I am just the way he made me

 

My name is Ankit. I am a gay man, 25 years old living in Mumbai. I work for an educational institute “VIDYA” which works for under privileged children in urban slum communities.

I realized I was attracted to the same gender in my early teens but did not know what it actually meant or that it is actually a sexual orientation or that there is a community of LGBT people. As a fact I did not even know the difference between the male and female anatomy until I was in my 10th Grade.

During my summer holidays post 10th grade a few of my cousins were visiting us and one fine evening we were hanging out and I noticed a girl child peeing. I was confused and I questioned my cousin, why is it that she is squatting while peeing? We boys do it differently. Laughing out loud my cousins remarked that you are so silly and explained the difference to me. They also teased me that now that I know I would be more inclined to know a girl better perhaps start having attraction towards them.

The very next day I went back to my cousin and said whatever you explained to me yesterday is so true but somehow am not attracted to girls. I find myself attracted to boys. My cousins failed to understand me and mocked that I would always be a kid. I guess that was my very first coming out.

Years passed and it was in college when internet came to my rescue and gave me access to the information I needed. I googled about being gay and that there are others like me. I started searching for ways to find other people like me and chanced upon gaydia.com and it was such an overwhelming discovery. All this while I was caught up with various emotions and found it challenging to come to terms with my sexuality. I was even suicidal under depression as I kept worrying that there is something wrong with me that may be I am a eunuch (Hijra) and what a stigma this news would be to my parents and they may not accept me.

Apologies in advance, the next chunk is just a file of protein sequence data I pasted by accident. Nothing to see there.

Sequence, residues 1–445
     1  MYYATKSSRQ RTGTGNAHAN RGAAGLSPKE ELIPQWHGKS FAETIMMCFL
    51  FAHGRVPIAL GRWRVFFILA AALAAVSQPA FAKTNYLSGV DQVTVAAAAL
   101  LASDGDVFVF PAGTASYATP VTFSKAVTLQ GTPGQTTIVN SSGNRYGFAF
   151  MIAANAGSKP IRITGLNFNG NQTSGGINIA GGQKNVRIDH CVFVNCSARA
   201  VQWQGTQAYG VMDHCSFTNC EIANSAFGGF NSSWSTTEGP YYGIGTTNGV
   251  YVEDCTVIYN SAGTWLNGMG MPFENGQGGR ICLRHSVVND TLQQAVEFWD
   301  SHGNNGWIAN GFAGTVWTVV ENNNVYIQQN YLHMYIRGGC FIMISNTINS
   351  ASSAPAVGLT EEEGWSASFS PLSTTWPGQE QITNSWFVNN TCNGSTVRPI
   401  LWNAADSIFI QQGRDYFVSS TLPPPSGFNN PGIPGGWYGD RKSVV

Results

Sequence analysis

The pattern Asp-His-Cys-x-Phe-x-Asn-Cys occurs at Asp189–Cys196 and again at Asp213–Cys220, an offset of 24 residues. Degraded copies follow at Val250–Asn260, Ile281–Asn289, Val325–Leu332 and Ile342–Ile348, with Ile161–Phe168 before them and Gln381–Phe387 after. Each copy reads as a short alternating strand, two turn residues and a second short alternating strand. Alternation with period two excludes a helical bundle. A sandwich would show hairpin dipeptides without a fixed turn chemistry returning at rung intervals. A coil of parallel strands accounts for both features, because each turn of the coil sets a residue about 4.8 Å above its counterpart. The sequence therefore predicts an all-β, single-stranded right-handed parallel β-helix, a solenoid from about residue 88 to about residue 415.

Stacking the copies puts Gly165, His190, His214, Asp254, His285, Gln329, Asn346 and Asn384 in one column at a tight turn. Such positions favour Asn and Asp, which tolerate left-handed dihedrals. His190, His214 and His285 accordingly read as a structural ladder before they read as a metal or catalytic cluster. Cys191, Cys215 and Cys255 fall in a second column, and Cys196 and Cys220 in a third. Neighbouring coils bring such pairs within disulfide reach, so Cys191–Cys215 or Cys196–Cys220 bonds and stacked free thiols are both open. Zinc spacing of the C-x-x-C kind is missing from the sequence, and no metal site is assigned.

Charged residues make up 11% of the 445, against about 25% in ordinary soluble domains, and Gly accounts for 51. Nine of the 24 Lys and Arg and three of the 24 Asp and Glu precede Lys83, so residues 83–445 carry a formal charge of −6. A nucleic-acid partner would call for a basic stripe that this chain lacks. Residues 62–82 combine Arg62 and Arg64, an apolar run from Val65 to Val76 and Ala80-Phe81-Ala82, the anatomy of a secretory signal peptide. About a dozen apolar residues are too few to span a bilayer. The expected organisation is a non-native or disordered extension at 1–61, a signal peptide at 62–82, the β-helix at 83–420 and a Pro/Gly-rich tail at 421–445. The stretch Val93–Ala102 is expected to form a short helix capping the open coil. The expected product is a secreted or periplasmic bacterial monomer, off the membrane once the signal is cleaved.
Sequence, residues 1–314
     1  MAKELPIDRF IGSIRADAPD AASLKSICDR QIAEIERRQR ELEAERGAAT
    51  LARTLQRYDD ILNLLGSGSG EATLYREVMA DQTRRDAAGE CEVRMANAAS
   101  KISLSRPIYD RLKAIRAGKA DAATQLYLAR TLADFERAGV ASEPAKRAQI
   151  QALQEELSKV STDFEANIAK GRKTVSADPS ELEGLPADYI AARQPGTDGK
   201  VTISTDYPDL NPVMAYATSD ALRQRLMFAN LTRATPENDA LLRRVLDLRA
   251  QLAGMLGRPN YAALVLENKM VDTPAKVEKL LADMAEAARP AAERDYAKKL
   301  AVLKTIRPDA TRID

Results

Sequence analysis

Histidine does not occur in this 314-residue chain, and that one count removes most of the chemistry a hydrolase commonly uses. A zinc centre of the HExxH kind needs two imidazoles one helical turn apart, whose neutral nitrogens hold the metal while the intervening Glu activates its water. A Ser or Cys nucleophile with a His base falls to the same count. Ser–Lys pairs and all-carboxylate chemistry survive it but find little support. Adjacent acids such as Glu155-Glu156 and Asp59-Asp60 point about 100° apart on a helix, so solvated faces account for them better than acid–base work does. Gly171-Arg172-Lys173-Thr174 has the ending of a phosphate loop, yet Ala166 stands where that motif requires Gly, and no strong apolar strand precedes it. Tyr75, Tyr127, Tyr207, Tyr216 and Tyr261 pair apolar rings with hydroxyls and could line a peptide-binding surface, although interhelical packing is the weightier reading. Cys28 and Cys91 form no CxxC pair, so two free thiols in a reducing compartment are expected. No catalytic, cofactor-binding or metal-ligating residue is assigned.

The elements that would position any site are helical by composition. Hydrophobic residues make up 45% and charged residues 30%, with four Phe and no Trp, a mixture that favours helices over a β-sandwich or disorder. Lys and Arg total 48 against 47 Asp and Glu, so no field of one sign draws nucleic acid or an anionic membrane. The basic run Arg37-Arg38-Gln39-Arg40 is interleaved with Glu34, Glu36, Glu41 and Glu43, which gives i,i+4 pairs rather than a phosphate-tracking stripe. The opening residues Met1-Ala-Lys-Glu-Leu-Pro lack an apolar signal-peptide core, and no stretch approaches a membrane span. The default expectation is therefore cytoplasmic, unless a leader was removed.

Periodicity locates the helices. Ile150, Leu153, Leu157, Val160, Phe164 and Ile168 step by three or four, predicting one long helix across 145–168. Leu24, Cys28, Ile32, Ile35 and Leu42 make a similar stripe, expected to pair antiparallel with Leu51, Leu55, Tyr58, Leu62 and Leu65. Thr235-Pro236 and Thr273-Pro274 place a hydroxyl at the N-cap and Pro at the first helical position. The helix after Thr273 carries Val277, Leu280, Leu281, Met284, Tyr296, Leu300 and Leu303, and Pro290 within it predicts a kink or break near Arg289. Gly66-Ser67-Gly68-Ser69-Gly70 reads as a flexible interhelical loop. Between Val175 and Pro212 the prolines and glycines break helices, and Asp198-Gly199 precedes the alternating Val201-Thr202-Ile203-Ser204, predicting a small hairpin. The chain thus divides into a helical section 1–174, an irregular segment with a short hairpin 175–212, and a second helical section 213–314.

When I found gaydia.com my life changed. I came across so many other queer folks and through them I learnt a lot about LGBT community, our community! I got to know about Pride March in our country, through an organization named GayBombay.

In 2008 I attended my first GayBombay event which was a parent’s meet. The experience of this event was quite liberating. I got to know and meet parents/family of other queer folks and it gave me hope and confidence. The Pride March also liberated me in many ways, most importantly self-acceptance and that there is nothing wrong in being gay and that Pride March is a way we come out and celebrate being Queer. It has been quite a journey since then and today I am one of the organizers of Mumbai Gay Pride. I continued my journey with queer groups like GayBombay, Humsafar Trust etc. and actively engaged into activism and so far it’s been a great journey.

While at home my family knows about me being queer but I have never had the chance to sit down with them and come out to them in person. For my parents ignorance is bliss for now.

In 2013 when Supreme Court re-criminalized homosexuality as per section 377, I was interviewed by Zee news and was part of a debate. I guess that was my official coming out to the whole world through the medium of a television interview.